@taig Thanks for the compliments. I'll work on strengthening the connection to the Pathfinder Society and summarizing the traps.

@Paramo I'm glad you liked the dwarf angle. They're one of my favorite races, too, and I couldn't find another PFS scenario that put them in the spotlight. It sounds like there's common agreement that Torra and a specific stolen relic should play a larger role in the scenario, so I'll work on that. The name Torra is straight out of the campaign setting, but I'll consider alternatives. In my opinion, Mudrym Runerock has the better name in the scenario.

@DM_aka_Dudemeister I'll do my best to watch out for repeated words. I added the first "trap smith" shortly before submitting based on feedback from a fellow gamer, but I should have removed the second one when I did. I totally overlooked the fact that I used "trapped" for the expedition.

@Neil Thanks for taking the time to write such a thorough critique. I particularly appreciate your comments on the relative importance of Torra vs. the expedition in the introduction and the relevance or irrelevance of particular paragraphs in the summary.

I did have a question on your comment about passive voice. My understanding is that forms of the verb "to be" contribute to passive voice when they are paired with another verb (i.e. "was sent", "are trapped", "is slain"). The use of the "to be" verbs by themselves ("Torra is a dwarf") is not passive, is it?

I like the suggestion to replace the lumberjacks with mercenaries. I felt the forest drake (or another wandering monster) was the best explanation for why the dwarves could not retreat to Falcon's Hollow, but a deadlier trap is certainly an option. I'm concerned that it changes Torra from a neutral adversary to an evil foe (in my mind she is more concerned with keeping people out than killing them). My initial thought was that the third encounter provided opportunities for combat or social interaction, although it's possible that the first encounter is sufficient for that.

Long story short, you've given me plenty to think about for revising this submission and/or writing the next one. Thanks again!

RPG Superstar 2009, Contributor

Derek Poppink wrote:
@Neil Thanks for taking the time to write such a thorough critique.

No problem. It helps fill the time at work sometimes. :-)

Derek Poppink wrote:
I particularly appreciate your comments on the relative importance of Torra vs. the expedition in the introduction and the relevance or irrelevance of particular paragraphs in the summary.

I think that's particularly key. A lot of people get wrapped up in trying to tell too many stories about too many other characters, particularly as build-up or background information before getting into describing their villain and overall plot. That's a big design mistake for an adventure proposal...which is very different from how you write a straight-up adventure. You need come out firing with your best stuff to catch Josh's eye. Don't hold back. Tell him who the real villain is...and what they're up to...in your opening paragraph or you will give him a reason to stop reading and move on to the next submission.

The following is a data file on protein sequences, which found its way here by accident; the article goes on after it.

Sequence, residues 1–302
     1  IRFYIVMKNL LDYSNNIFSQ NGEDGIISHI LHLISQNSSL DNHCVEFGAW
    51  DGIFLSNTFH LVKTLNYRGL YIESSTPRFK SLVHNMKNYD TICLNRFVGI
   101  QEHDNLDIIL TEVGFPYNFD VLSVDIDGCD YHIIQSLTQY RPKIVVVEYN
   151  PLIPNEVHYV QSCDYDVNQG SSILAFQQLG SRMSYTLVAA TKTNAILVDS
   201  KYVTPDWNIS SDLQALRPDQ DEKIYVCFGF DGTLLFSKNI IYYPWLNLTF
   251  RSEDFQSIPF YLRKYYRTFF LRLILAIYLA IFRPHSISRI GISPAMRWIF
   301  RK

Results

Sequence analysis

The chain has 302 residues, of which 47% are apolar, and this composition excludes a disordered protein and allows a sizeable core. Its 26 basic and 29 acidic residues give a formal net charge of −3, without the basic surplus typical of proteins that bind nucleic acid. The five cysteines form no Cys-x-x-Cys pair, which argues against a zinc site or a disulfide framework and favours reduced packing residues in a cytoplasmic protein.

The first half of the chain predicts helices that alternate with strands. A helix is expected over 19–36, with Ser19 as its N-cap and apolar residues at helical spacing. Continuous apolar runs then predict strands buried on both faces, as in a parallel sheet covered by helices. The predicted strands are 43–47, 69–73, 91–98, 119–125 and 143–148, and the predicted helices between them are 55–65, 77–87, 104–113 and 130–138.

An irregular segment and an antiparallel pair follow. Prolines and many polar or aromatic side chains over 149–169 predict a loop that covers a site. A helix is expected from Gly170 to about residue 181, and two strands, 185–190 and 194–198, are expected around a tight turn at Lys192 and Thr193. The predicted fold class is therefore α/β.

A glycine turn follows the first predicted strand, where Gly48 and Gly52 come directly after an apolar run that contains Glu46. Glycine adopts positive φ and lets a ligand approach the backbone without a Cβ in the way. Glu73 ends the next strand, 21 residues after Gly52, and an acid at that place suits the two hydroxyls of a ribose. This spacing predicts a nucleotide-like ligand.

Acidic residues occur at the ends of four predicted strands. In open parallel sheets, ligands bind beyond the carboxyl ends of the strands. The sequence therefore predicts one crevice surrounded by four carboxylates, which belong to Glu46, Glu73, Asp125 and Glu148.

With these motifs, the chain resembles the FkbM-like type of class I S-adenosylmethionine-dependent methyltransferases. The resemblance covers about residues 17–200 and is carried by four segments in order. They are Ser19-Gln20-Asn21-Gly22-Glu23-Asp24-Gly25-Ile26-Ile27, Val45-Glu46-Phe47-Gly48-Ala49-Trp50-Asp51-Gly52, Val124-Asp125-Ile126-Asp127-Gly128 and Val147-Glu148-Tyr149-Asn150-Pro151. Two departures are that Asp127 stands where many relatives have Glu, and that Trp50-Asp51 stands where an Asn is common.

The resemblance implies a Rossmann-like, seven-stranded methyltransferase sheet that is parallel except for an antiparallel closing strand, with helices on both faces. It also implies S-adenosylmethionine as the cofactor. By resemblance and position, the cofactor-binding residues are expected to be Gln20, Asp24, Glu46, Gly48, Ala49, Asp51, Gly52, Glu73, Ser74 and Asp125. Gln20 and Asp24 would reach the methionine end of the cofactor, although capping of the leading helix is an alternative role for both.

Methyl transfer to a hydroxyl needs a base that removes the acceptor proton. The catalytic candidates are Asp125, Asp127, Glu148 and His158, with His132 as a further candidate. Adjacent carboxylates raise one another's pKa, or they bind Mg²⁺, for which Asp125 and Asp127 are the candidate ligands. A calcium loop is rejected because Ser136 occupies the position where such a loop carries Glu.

Derek Poppink wrote:
I did have a question on your comment about passive voice. My understanding is that forms of the verb "to be" contribute to passive voice when they are paired with another verb (i.e. "was sent", "are trapped", "is slain"). The use of the "to be" verbs by themselves ("Torra is a dwarf") is not passive, is it?

Yes. That's still passive voice. But, it's not like you're constrained and have to remove ALL passive voice from your entire submission. There certainly are times when it's appropriate. Dialogue or read-aloud text, for instance, can easily make use of it. But generally, you should look for ways to eliminate the rest. Instead of saying, "Torra is a dwarf," just look for a way to convey that in the course of talking about something else. Such as, "An infamous dwarven rogue, named Torra,..." accomplishes the same thing, but avoids passive voice. It "shows" she's a dwarf rather than "telling" you she's one. And therein lies the difference.

Derek Poppink wrote:
...a deadlier trap is certainly an option. I'm concerned that it changes Torra from a neutral adversary to an evil foe (in my mind she is more concerned with keeping people out...

Well, therein lies one of your potential problems. Is she a villain or not? If she's only a misunderstood neutral party with a selfish streak, your storyline won't have nearly the same amount of punch to it without a true villain in there. I think you could still have a neutral character like Torra in an adventure, but you'd also need to include a "true" villain that's an even greater threat. For instance, maybe her assistant turned the tables on her, no longer content to toil behind the scenes in helping her construct her traps and wanting to make a name for himself. He could be the one who made the traps more deadly this time. He could even have caught Torra in one and the PCs have to save her in order to find out where she hid the treasure they're trying to recover before her assistant makes off with it.

The bottom line is always include a villain. A real one. With villainous motives and methods. You can play around with the grey "villains" all you want, but only so long as you've included one who's wearing a black hat and living up to the part. That will make your adventures "pop" more, in my opinion.

Another two-cents,
--Neil